Jacob | Editor’s Page

ing bills, etc. And I suppose there is this. But, as with digital correspondence, which has separated us materially from our pasts and our futures, our electronic devices and the Internet infrastructure to which they adhere may prove the end of personal, face-to-face relationships, both working and social, if, as we emerge like 17-month cicadas, we have gotten too habituated to wearing our pajama bottoms all day. This editor still comes fully clothed into his campus office to produce Emeritus Voices and is proud to affirm that it is and will continue to be published in non-virtual hard copy (it goes to the bit-map in the sky six months later.) And he can’t wait until there is someone else in these dark, empty hallways in the bowels of Old Main. It’s very lonely here. It has been a pleasure putting together this issue, though. Stephen Siek takes us out of our isolation into the bustling crowds of the 1983 Chicago world’s fair with, given his background as a gifted concert pianist, added emphasis on the music one could hear there. Charles Merbs shares his curiosity about a strange unidentified warship he came upon during a visit to Halifax, Nova Scotia, and Ernie Stech pays homage to Zane Grey as an Arizona legend. We chat with Chuck Backus about his retirement to a home on the range, or in the Superstition foothills, to be more exact. There are, nonetheless, no discouraging words, and the skies are rarely cloudy any day. John Risseeuw shares his skill as printmaker with a collection of thought-provoking examples. Robert Osterhoudt introduces us to his fictional character, Bobby Bumble and Christine Marin brings a moment in the life of baseball great Willie Mays to light. A funny thing happened to Charles Tichy on a trip to St. Petersburg and Shannon Perry takes us on sojourn through Navajo country.

© ASU 2021 4

The lively arts come to life in remembrances by Beth Lessard and JoAnn Tongret. Beth also recalls her youthful aquatic experiences. Les belles lettres are represented by Babs Gordon and Gus Edwards in continuations of their contributions from the previous issue, as well as by poetry from Dianne Wigand, JoAnn Tongret, Shannon Perry and Randel Helms (again, be warned.) Ironies and epiphanies are recounted by Ann Ludwig, Aleksandra Gruzinska and Hal White. Finally, literary commentary and reviews are offered by Carl Silver, JoAnn Tongret, Aleksandra Gruzinska and myself.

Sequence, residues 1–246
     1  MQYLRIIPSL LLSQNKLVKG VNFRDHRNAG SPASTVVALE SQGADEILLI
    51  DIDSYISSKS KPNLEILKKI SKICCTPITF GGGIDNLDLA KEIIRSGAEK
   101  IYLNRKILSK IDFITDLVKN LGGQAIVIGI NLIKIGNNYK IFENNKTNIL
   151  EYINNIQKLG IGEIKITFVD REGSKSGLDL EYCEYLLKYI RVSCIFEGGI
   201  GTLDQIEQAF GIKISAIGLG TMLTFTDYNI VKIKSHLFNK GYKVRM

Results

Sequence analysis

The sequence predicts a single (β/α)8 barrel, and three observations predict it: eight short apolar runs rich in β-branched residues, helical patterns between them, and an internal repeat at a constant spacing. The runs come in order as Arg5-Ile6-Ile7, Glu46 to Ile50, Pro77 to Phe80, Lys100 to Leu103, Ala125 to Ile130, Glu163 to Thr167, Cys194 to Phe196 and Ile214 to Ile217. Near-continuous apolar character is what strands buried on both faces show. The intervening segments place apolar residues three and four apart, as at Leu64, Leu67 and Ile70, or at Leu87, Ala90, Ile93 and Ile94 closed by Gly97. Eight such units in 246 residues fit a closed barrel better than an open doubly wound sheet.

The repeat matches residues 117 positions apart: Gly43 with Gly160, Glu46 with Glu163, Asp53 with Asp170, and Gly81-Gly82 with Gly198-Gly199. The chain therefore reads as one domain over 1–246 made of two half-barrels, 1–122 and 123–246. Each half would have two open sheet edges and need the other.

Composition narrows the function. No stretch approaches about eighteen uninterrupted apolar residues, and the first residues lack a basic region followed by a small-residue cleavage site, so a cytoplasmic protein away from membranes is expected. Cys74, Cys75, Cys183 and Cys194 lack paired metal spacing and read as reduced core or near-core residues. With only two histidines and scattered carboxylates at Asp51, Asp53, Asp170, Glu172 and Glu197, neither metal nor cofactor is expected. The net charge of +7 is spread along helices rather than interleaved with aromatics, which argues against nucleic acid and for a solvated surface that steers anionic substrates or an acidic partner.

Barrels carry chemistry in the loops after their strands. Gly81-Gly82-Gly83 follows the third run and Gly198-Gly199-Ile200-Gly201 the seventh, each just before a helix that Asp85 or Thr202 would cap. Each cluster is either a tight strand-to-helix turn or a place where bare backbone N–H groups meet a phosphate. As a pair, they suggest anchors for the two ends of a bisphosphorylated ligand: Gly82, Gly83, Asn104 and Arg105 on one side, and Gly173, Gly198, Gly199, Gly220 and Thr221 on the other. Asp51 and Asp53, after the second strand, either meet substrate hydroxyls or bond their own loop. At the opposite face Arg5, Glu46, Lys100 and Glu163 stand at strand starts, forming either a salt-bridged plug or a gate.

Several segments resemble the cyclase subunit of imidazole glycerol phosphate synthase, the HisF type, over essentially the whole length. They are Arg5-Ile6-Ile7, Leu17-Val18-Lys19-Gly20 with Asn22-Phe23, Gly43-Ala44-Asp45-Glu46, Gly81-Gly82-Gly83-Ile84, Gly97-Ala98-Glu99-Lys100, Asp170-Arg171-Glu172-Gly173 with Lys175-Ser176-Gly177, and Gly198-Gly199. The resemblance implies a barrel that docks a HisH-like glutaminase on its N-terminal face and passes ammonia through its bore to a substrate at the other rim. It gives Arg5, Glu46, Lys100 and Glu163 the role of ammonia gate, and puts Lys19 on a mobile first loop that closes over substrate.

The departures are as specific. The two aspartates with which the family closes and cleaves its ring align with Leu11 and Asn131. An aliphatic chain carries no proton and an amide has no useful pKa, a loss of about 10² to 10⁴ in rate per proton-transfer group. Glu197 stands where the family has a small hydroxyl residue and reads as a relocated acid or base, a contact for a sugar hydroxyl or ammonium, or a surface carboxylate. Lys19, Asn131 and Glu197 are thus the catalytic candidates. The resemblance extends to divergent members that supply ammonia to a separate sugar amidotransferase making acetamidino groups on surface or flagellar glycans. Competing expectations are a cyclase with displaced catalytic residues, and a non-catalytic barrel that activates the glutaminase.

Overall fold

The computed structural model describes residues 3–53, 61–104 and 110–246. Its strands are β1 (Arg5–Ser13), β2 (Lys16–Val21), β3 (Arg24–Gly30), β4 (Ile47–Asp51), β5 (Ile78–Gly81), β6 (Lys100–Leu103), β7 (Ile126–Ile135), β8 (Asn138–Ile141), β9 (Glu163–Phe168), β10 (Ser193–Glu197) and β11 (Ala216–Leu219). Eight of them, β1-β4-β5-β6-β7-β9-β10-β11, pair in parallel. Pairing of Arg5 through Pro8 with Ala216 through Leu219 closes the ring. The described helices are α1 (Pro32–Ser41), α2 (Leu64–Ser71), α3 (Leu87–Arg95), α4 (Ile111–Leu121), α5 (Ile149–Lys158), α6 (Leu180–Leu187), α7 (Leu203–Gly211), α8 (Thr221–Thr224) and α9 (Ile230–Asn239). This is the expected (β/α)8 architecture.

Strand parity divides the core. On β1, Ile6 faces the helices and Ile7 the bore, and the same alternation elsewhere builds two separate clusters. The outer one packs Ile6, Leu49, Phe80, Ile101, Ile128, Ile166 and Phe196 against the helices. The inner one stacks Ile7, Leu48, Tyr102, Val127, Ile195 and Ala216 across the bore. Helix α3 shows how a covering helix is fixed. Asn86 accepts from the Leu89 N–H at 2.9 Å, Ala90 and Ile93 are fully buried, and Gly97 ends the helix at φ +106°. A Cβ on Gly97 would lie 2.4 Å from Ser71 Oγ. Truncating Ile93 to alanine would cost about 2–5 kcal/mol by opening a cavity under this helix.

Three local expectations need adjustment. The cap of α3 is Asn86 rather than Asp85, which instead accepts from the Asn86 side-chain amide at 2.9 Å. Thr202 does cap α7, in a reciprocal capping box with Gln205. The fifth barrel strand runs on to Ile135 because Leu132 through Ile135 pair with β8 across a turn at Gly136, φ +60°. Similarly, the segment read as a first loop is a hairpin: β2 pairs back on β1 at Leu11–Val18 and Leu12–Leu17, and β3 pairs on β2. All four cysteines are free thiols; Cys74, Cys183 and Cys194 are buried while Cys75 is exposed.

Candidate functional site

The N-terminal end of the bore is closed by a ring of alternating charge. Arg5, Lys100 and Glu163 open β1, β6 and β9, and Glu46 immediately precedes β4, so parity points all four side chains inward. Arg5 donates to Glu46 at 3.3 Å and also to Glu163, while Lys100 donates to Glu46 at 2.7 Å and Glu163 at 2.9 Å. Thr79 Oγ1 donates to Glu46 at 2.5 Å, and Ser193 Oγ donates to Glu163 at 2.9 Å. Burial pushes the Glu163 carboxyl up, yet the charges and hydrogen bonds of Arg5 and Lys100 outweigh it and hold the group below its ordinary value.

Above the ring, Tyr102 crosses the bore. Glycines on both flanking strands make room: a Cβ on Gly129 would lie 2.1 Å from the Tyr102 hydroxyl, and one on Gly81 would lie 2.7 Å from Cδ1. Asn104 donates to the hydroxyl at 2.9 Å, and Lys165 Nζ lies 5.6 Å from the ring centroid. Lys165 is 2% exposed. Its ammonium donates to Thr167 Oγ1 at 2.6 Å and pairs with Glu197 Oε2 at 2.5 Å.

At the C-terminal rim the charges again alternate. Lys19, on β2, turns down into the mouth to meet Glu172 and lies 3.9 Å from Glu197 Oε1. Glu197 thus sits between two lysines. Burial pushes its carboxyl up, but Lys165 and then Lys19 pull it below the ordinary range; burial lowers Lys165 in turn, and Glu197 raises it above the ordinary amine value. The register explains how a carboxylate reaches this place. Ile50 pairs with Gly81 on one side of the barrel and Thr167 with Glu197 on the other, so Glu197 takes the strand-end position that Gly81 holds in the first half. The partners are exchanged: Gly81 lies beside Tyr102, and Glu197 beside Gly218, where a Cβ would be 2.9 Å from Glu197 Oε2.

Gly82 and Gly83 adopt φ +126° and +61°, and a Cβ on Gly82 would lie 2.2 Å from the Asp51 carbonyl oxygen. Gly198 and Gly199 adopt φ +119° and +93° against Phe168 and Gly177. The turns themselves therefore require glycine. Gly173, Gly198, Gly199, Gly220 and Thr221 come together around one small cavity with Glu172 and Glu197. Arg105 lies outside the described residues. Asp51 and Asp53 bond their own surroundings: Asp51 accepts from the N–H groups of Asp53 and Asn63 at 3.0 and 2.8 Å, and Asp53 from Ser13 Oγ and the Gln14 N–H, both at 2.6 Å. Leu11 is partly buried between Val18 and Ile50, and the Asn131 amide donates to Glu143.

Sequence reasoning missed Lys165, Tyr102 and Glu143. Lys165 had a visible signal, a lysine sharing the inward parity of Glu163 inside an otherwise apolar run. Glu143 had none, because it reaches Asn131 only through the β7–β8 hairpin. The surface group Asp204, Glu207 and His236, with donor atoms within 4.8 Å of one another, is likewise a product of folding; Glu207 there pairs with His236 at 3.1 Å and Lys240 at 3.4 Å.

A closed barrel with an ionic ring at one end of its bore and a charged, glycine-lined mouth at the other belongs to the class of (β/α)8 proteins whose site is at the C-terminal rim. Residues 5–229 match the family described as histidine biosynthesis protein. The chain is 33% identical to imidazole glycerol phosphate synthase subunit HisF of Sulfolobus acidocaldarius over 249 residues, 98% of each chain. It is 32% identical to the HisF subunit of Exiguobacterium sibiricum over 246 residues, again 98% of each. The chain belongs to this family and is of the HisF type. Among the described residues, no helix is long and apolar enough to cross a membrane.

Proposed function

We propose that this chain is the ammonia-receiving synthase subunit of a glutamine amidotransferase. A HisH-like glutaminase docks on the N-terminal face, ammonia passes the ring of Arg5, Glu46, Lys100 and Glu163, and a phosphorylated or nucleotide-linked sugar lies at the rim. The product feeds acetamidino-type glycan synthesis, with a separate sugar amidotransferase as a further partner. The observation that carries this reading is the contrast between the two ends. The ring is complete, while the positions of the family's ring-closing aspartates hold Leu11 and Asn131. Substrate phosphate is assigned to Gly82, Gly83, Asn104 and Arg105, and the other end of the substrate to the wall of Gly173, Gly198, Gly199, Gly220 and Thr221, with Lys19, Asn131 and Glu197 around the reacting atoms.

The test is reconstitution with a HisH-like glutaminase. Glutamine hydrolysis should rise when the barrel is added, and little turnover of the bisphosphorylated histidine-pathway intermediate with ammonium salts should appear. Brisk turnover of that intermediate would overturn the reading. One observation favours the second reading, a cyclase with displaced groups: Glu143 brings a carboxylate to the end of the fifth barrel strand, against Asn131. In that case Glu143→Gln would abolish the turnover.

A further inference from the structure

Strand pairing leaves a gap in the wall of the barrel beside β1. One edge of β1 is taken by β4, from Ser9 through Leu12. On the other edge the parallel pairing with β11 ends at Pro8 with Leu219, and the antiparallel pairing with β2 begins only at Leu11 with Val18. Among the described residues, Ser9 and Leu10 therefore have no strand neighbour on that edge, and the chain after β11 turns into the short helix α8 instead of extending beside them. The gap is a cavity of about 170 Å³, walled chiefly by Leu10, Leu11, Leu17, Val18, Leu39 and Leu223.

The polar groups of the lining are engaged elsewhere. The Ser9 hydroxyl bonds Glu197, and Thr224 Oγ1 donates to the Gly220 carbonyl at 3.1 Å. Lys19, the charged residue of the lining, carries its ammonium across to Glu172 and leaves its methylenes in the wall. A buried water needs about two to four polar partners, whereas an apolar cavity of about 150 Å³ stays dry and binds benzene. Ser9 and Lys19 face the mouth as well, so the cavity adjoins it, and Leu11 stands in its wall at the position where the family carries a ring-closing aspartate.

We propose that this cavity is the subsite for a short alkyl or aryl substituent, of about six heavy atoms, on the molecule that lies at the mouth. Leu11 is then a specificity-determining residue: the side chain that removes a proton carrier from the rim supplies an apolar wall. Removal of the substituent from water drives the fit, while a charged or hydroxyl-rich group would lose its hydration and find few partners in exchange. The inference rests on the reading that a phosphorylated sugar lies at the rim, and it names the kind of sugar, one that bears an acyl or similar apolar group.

Recovery is an important word and a vital concept. It means renewal of life and energy. Knowing how and when to recover may prove to be the most important skill in your life. – James E. Loehr


From the Lectern

Immersed in a Schism: Chicago’s Columbian Exposition and the Birth of Modern American Culture Stephen Siek

Opening day, May 1, 1893, finally arrived. Grover Cleveland, President once more after the unsavory Harris administration, made a speech in front of the Administration Building and pressed a button, turning on electric lights and motors everywhere. The excited crowd surged forward. Several women fainted in the crush. Jane Addams’ purse was snatched. The Exposition was on.(1) – Stanley Appelbaum, The Chicago World’s Fair of 1893 To a generation reared on iPhones, YouTube, and theme parks, the concept of a world’s fair might seem little more than an archaic redundancy, but such events once spoke to entire cultures with a passion and urgency virtually unknown today. Many fairs even bequeathed lasting architectural landmarks(2), and none ever captured the achievements, hopes, and dreams of an entire era more dramatically than the World’s Columbian Exposition of 1893. However, even the casual observer who skims but a few of its surviving photos will sense that this Fair was marred by a profound schism, for while massive palaces were erected at great expense to showcase the latest innovations in transportation, electricity, and machinery, scarcely any of those structures evoked images of progress – instead they seemed more like monuments to Ancient Rome. Mirroring that theme, the fairgrounds’ towering statues and even its music were chosen primarily to commemorate the past, but nonetheless, the World’s Columbian Exposition also provided a lens into America’s cultural future – for the art, the architecture, and even the music of the twentieth century were also amply foretold. Chicago did not host the first fair that venerated science, for indeed the worship of scientific inquiry and technology were ongoing leitmotivs 6

An engraving of London’s Crystal Palace by English artist George Baxter (1804-1867).